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Prospective Fellows


The ICM Fellows program application is currently closed and will re-open for the 54th class in late 2023. Questions about the program or the admissions process may be addressed to

Becoming an ICM Fellow is a process of continual professional development that includes four phases. Participants can expect to complete the Fellows coursework within approximately one year, May through June, with commencement typically scheduled for August of the graduating year.

The ideal Fellows candidates are court professionals who have received the Certified Court Executive designation from ICM and wish to deepen their understanding of court governance and leadership. They want to understand the connection between leadership and data-driven decision-making and are willing to cement this understanding through a novel applied research project. They have a question they want to answer, an assumption they want to test, and a problem they want to understand better. They want to create a judicial system that works for everyone.

Phase 1:

The first step to acquiring the ICM Fellows diploma is completing the Certified Court Executive designation before the June residency.

Phase 2:

The second Fellows program phase is The Coursework phase from May through September. The Coursework phase consists of virtual classes, readings, small group work, and a 1-week residency during which participants will gather at the NCSC headquarters in Virginia. The residency will include activities, experiences, and opportunities that will help participants learn more about the NCSC; enhance their research, speaking, writing, and leadership skills; develop their paper project topic; and strengthen bonds with their cohort. ICM may offer some travel assistance for the residency.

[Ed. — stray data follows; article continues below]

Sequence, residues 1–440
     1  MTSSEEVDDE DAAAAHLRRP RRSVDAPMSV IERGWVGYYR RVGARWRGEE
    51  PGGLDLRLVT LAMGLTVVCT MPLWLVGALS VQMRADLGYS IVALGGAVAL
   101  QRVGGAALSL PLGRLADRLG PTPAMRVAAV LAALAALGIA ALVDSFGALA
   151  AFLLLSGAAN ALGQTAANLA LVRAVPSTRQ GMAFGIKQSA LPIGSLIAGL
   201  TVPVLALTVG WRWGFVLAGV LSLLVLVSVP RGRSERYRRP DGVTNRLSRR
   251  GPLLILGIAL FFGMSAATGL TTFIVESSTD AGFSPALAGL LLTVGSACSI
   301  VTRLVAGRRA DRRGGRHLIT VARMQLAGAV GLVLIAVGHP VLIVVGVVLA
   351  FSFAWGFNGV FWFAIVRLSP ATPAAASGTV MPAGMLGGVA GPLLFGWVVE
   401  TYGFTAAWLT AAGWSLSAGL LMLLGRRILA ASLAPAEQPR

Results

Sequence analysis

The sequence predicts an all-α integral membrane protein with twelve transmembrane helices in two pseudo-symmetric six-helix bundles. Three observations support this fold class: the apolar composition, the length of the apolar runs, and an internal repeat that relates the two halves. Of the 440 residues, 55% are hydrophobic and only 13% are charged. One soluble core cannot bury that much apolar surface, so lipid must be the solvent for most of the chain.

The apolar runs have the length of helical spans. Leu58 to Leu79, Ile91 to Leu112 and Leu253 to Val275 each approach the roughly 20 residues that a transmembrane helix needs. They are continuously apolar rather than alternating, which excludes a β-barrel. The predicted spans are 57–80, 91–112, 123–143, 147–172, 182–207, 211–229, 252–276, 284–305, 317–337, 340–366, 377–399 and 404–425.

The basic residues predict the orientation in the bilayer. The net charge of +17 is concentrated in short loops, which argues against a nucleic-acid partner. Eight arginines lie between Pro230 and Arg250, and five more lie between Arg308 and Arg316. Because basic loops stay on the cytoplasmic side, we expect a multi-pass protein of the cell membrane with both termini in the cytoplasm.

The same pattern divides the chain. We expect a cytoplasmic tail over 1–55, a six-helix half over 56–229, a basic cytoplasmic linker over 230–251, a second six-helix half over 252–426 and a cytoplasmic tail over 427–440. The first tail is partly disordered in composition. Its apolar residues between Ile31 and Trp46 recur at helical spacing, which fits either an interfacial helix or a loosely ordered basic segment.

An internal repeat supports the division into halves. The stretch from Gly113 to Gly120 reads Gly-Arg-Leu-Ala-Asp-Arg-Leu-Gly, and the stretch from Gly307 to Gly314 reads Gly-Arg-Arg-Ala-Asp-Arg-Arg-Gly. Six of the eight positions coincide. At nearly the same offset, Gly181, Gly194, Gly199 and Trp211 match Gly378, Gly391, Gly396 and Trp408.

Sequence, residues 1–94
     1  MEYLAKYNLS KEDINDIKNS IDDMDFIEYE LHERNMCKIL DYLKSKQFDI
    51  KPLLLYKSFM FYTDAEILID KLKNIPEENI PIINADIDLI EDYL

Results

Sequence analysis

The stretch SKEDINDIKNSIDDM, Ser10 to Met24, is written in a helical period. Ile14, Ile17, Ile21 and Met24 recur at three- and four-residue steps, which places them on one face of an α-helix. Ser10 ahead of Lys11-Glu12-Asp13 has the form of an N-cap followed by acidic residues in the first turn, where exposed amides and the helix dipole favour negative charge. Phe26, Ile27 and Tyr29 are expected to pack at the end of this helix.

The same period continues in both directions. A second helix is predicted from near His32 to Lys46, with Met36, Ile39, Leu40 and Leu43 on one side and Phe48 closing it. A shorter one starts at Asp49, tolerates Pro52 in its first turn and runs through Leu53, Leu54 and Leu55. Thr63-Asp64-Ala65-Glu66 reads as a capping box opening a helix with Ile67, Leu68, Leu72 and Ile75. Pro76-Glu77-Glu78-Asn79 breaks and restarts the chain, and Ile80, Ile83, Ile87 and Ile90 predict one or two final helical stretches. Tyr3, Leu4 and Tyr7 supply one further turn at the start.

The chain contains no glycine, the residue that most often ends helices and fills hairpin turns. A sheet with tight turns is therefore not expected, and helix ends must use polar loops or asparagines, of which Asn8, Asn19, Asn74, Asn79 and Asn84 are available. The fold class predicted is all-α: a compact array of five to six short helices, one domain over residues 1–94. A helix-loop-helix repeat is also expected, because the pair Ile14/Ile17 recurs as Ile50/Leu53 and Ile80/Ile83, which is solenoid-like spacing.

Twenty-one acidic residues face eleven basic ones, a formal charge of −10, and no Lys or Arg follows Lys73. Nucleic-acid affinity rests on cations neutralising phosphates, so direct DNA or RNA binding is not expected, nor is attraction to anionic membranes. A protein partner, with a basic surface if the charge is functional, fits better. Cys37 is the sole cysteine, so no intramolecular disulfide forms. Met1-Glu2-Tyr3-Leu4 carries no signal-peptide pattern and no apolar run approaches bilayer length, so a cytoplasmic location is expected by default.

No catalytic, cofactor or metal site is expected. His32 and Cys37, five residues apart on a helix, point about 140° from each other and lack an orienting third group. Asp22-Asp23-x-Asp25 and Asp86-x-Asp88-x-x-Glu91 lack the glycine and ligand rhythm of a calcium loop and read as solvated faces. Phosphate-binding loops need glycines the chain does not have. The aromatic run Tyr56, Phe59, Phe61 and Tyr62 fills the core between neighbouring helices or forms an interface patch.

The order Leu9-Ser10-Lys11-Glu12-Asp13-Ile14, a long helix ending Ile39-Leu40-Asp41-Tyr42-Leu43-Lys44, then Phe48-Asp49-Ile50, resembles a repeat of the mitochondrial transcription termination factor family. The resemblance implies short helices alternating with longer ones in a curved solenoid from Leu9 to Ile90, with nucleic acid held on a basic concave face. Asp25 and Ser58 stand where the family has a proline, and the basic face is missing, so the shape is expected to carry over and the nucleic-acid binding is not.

Phase 3:

The third Fellows program phase is the Court Project phase. This phase requires participants to complete an independent research-based court improvement project with the assistance of a project advisor. This includes data collection, analysis, and synthesis resulting in a written report submitted to the ICM Fellows Dean for approval. Candidates are assigned a project advisor to serve as a resource and guide for the court project. Approved reports are equivalent in quality to a master's degree thesis and must include an abstract, introduction, literature review, methods, findings, conclusions and recommendations, appendices, and references.  Completed reports add to the growing court administration literature and are archived in the NCSC Library and eCollection.

Phase 4:

The final step to becoming an ICM Fellow is the Presentation phase.  Participants must present their project virtually to a panel of court administration experts, answer questions about their project, and receive feedback from the panel. Participants have one month to prepare for their presentation through virtual classes and practice sessions.


Coursework Phase: $1,500

Court Project Phase: $1,500

Presentation Phase: $1,000

Total: $4,000

Scholarship Opportunities

ICM Fellows candidates may be eligible for scholarship assistance from one of the following sources. Please note some scholarships are competitive, and membership may be required by sponsoring organizations. To inquire about a scholarship opportunity, please contact  ICM Fellows.

Additionally, ICM may offer travel assistance for the residency in Williamsburg.